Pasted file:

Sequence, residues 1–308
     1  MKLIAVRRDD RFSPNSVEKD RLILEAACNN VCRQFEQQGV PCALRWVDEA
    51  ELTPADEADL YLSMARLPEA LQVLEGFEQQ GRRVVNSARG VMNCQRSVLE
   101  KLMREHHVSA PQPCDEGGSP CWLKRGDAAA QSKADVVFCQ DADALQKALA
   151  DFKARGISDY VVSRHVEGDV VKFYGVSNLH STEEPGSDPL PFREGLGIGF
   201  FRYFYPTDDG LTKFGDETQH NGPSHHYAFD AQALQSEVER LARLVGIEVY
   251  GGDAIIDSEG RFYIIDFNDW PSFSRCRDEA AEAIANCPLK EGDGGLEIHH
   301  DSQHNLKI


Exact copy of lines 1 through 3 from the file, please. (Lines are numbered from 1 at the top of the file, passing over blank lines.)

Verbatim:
Sequence, residues 1–308
     1  MKLIAVRRDD RFSPNSVEKD RLILEAACNN VCRQFEQQGV PCALRWVDEA
    51  ELTPADEADL YLSMARLPEA LQVLEGFEQQ GRRVVNSARG VMNCQRSVLE